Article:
The three busts at Popes Grotto in the 1770’s can be deduced as the Warner Bust, perhaps bought by Hudson at the posthumous Roubiliac sale, The Temple Newsam Bust, and either the Saltwood bust or the V&A bust bought from the Roubiliac studio along with the bust of Lord Chesterfield
 


Further research is needed into the Stanhope / Welbore Ellis connection. There was also a bust of Lord Chesterfield at Popes grotto noted by Jenkins, perhaps again by Roubiliac. Stanhope as brother to Lord Chesterfield, who sat to Roubiliac would obviously have been acquainted with Roubiliac and the St Martins Lane Academy fraternity. The Lord Bruce connection might also be worth following up.
Some notes on the busts of Pope at his Villa Grotto at Twickenham:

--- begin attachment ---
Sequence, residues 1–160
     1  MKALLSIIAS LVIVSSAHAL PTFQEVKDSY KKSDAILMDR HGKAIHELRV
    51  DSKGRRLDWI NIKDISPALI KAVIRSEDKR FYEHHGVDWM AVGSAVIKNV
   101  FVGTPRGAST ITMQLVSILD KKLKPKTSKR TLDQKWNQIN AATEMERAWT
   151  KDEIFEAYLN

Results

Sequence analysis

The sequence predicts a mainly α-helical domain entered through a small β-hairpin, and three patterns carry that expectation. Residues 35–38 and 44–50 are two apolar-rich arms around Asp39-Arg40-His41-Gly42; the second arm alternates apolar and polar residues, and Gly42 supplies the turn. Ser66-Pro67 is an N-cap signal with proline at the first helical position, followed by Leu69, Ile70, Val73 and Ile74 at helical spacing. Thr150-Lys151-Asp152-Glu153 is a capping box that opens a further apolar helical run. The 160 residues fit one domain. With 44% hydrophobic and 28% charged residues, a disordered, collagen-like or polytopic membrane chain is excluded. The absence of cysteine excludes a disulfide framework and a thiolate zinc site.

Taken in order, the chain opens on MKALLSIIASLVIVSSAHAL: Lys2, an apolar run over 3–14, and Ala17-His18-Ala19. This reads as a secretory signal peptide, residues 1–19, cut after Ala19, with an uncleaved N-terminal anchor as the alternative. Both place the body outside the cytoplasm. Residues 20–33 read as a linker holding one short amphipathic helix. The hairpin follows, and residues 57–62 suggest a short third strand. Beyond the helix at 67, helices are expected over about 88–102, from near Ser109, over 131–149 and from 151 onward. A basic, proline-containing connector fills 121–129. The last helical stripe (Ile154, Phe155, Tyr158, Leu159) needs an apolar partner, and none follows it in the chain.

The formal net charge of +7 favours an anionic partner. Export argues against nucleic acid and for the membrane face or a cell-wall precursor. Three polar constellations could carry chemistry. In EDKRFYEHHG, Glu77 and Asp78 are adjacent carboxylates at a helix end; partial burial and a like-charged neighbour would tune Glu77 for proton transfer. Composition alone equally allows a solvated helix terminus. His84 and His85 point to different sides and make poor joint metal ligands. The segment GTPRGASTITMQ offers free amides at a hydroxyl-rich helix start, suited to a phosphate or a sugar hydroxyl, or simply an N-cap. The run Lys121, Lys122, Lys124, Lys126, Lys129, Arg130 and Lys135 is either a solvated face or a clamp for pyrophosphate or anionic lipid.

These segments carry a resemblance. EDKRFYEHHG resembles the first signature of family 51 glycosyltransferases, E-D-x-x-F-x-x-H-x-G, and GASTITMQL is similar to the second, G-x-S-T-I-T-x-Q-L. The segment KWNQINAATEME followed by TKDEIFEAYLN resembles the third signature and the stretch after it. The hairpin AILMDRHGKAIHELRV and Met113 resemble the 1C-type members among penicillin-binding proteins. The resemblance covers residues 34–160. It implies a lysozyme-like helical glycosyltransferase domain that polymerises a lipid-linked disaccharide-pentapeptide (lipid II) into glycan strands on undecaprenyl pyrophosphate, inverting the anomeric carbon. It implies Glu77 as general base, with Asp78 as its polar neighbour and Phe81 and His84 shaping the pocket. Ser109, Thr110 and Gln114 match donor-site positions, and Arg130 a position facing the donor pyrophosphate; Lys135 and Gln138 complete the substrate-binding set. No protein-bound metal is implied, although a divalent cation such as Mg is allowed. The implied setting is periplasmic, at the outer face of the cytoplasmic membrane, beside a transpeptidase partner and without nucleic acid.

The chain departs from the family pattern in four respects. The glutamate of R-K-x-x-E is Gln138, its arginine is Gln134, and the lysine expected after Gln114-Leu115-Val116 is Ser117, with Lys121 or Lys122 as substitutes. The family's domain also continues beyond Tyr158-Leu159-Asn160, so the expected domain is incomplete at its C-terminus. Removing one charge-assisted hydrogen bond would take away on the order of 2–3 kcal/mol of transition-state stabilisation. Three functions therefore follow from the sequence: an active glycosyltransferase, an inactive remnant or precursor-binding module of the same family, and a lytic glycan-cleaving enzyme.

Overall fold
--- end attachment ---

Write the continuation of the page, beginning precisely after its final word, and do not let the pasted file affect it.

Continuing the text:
Information from Journal of Garden History Vol. 26, No.1. Alexander Popes Grotto in Twickenham.
By Anthony Beckles Willson.

1775. In the journal of exiled American loyalist Samuel Curwen of Salem, Massachusetts, entry for 25 August 1775: At Welbore Ellis’s seat late Mr Popes we alighted and..... entered the gardens and grotto; the latter being arches under the middle of the house, about mans height, admitting a prospect into the largest shady contemplative walk in the garden from the river. It is almost 5 foot in width, faced with small flint stones, crystal and some other kinds stuck into mortar, with the angles out...... 2 or 3 niches filled with the busts of Pope and I forget who else...... Wimsatt Supplement 57-61.13.

See - The Journal of Samuel Curwen, Loyalist. ed. Andrew Oliver 2 vols. Cambridge Mass. Harvard University Press 1972.

The World (12 October 1789) ‘ the grotto has little to boast, beyond the purpose of a passage that avoids cross accidents & joins two gardens, which the road otherwise had put asunder. Popes decorations of the grotto are a little bust of himself & a pretty mirror - you see his mind too, in the inscription over it.